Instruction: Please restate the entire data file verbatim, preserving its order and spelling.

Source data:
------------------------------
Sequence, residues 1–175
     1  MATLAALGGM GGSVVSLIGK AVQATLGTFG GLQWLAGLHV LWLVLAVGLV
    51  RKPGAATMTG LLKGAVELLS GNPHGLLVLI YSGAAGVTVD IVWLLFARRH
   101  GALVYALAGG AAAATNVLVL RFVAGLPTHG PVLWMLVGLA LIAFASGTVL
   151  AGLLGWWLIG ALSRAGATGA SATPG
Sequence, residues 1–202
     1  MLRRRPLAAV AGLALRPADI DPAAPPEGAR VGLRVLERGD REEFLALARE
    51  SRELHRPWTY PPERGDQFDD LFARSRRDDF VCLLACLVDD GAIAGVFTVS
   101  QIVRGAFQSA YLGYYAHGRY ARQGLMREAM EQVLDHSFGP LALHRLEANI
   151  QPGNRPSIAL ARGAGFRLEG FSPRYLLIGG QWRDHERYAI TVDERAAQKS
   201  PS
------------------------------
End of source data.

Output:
Sequence, residues 1–175
     1  MATLAALGGM GGSVVSLIGK AVQATLGTFG GLQWLAGLHV LWLVLAVGLV
    51  RKPGAATMTG LLKGAVELLS GNPHGLLVLI YSGAAGVTVD IVWLLFARRH
   101  GALVYALAGG AAAATNVLVL RFVAGLPTHG PVLWMLVGLA LIAFASGTVL
   151  AGLLGWWLIG ALSRAGATGA SATPG
Sequence, residues 1–202
     1  MLRRRPLAAV AGLALRPADI DPAAPPEGAR VGLRVLERGD REEFLALARE
    51  SRELHRPWTY PPERGDQFDD LFARSRRDDF VCLLACLVDD GAIAGVFTVS
   101  QIVRGAFQSA YLGYYAHGRY ARQGLMREAM EQVLDHSFGP LALHRLEANI
   151  QPGNRPSIAL ARGAGFRLEG FSPRYLLIGG QWRDHERYAI TVDERAAQKS
   201  PS